Monday, September 22, 2008

Lemon Kefir Icecream

This deliciously addictive recipe has done the rounds on the internet. The online English version originated with Clothilde Dusoulier at Chocolate and Zucchini. We’ve adapted it to our own resources (home-fermented kefir, no agave, no icecream maker) and our own needs (two family members don’t like bits of lemon zest in their ice cream!)

4 small lemons
1 1/2 cups fermented milk kefir
1/3 cup sugar

To make
Peel the lemons.

Squeeze the lemons into a pot, and add the peel and the sugar.

Gently heat the pot, stirring till the sugar melts.

Turn off the heat, cover, and leave to cool, with the peel still in.

Put the kefir into a bowl.

Strain the cooled lemon/sugar mix into the kefir, and stir well.

To freeze without an ice-cream maker

Put the bowl in the freezer and leave for an hour or so.
When the edges are freezing, push the frozen bits down into the unfrozen bits and stir briefly and gently.
Repeat approximately every hour for about four hours. (Actually, as time goes on you may need to stir it a little more frequently than every hour, as the freezing picks up speed ... it depends on the temperature in your freezer.)

To serve
This can freeze very hard, so I usually leave it out of the freezer for 10 mins or so before serving.
The texture is sometimes crumbly, so when you scoop it out, you may need to do a bit of compressing as you scoop!

* You can use buttermilk or yoghurt instead of kefir.

* Honey is nice instead of sugar. You can just heat the peel in the honey without the lemon juice, and add the lemon juice to the kefir after, without heating it. (I like the mildness of clover honey for icecream recipes.)

Getting hold of milk kefir
Contact your closest Weston A Price Foundation chapter and ask about it.

Monday, September 15, 2008

Cleavers Lemonade

Cleavers (Galium aparine) is best known as that weed you can stick onto your clothes – but it has a history of herbal use as a purifying tonic. Added to homemade lemonade it makes a refreshing and astringent drink.

Cleavers stems and leaves from your garden – two or three cups (gently pushed down)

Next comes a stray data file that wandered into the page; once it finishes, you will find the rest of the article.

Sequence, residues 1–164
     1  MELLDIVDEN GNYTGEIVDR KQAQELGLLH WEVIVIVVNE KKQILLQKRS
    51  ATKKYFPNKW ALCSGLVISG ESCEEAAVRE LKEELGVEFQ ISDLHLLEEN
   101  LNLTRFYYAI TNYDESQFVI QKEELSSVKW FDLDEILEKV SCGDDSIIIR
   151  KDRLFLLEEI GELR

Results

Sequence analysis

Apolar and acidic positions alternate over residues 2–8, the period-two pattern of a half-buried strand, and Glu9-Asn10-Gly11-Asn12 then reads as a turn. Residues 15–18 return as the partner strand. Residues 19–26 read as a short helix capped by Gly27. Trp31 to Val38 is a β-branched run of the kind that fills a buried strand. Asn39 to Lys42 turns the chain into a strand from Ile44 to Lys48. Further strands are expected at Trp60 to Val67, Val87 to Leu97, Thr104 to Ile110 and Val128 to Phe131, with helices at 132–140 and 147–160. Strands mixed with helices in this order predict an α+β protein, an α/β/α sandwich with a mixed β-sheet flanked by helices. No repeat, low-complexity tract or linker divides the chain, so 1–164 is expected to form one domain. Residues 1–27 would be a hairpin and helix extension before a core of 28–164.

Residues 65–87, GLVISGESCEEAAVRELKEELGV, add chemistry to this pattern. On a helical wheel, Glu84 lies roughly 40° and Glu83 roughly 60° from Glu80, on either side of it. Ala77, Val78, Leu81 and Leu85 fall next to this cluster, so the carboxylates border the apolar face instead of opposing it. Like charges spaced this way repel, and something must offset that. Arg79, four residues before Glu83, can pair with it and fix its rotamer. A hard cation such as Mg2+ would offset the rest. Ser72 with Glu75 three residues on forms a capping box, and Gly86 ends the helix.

Lemonade fruit or lemons – 3 big ones or 4-6 smaller ones
1/2 cup of sugar

A juicer, or a blender and a square of muslin
A 1-litre measuring cup

Make the cleavers juice:

It's probably easiest to harvest cleavers with scissors, snipping off the smallest, choicest looking lengths.

Wash the cleavers well, and make sure no bits of other plants have snuck in.

Put cleavers through your juicer, or if you don’t have one, into the blender. Whizz it up and then strain and squeeze through muslin.

This should make at least a quarter of a cup of juice. If you have more than that, you can freeze it for future use.

Note: When you juice it or blend it, you may need to add a couple of tablespoonfuls of water to make it process properly.

Make the lemonade:

Peel the lemons (or lemon fruit).

Put the peel into a pot and add half a cup of sugar and half a cup of water.

Turn on the heat under the pot and bring almost to the boil, stirring sometimes to make sure the sugar all dissolves. Leave to cool.

Squeeze the peeled lemons into the 1-litre jug.

Add a quarter of a cup of the cleavers juice to the jug.

Strain the cooled sugar/water/lemon peel mix into the jug.

Top the jug up to the one litre mark with cold water.

Chill (and decant if you like). Shake or stir before serving.

Variations to try
Add more or less sugar according to taste.
Use honey instead of some or all of the sugar.
Use chickweed (Stellaria media) instead of some or all of the cleavers.
Top up with tonic water instead of ordinary water.

About Cleavers
Traditionally, cleavers has been used for a number of purposes, but especially for cleansing the lymphatic system. It’s a diuretic, so you might not want to drink TOO much at one time.

See the Plants for a Future entry on cleavers.
(It has other names as well as cleavers - they call it goosegrass.)

See my blog entry about Cleavers Lemonade.

Also - my gallery of local wild plants